The family of Alison Fragozo Moceri of the Fragozo meat company in New Bedford has been making linguiça for 75 years. She says that unlike other brands of linguiça on the market today, which appear to contain less fat, all the fat in Fragozo products is visible and can be popped out of the sausage for those who are watching their diets. Fragozo, Alison Moceri explains with pride, still chops their meat, unlike other companies who put it through a meat grinder, fat and all.
A word to the wise: When you cook with linguiça, do not be stingy. Even though a little linguiça goes a long way, be generous. One of the quickest ways to get dished to dirt in Provincetown is to invite someone over for a hearty bowl of kale soup only to have them discover that it is lacking in big chunks of the luscious sausage.
The Other Portuguese Sausages
Linguiça has a couple of cousins, chouriço and morcella, which are also very popular in Provincetown. Chouriço is like the chorizo that is well known to those familiar with the cuisine of Louisiana, Mexico and Spain. It is larger in diameter and much hotter than linguiça. Most Provincetown cooks use a little bit of both in their dishes, especially soups.
The other Portuguese sausage is morcella. Almost black in color, it is sometimes called blood pudding. Its primary ingredients are onions, beef blood, pork fat and seasonings. Morcella, like linguiça, is very popular on Provincetown-men-only hunting trips in the wilds of northern New England. Fried up with more onions and usually served with Boston baked beans, morcella is almost always washed down with buckets of beer. It is potent, producing great quantities of what Julia Child calls "the rooti-ti-toots." Morcella is not for the faint of heart.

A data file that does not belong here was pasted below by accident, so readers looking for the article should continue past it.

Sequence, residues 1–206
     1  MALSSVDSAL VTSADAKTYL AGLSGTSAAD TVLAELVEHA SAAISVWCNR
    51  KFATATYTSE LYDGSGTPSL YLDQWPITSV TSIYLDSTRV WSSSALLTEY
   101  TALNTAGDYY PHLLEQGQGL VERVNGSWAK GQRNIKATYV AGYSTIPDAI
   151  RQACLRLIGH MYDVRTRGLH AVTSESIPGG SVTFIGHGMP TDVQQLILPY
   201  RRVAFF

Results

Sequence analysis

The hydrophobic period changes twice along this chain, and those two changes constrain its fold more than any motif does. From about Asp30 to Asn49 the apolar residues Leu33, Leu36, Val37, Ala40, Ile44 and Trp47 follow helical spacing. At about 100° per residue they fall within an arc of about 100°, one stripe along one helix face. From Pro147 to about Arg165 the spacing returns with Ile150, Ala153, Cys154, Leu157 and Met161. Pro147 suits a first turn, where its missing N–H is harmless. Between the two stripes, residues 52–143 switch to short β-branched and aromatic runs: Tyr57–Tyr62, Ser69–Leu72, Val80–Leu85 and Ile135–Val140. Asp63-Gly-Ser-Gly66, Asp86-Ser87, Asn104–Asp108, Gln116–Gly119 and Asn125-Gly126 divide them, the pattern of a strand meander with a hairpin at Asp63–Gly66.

Prior to air express and overnight postal service, tourists visiting Provincetown were unable to purchase linguiça, chouriço or morcella once they returned home. A linguiça taste-alike was created by Margaret H. Koehler in her book "Recipes from the Portuguese of Provincetown," published in 1973. In this book, Mrs. Koehler developed a recipe using pepperoni and Liquid Smoke to duplicate the taste of linguiça. Fortunately, linguiça is now only a telephone call away.
Alison Fragozo Moceri says that her family ships linguiça within one or two days all over the country. Aficionados of Portuguese cuisine can now obtain regular supplies of linguiça. Fragozo will send it UPS or via the postal service. Since the sausages are cooked and smoked, they can travel for a few days without spoiling.
Fragzo linguiça comes in the traditional rope form, as well as in linguiça loaf or linguiça franks. Fragozo is at 56 Davis St., New Bedford, Mass. 02746. Their telephone number is 1-(508) 992-9367.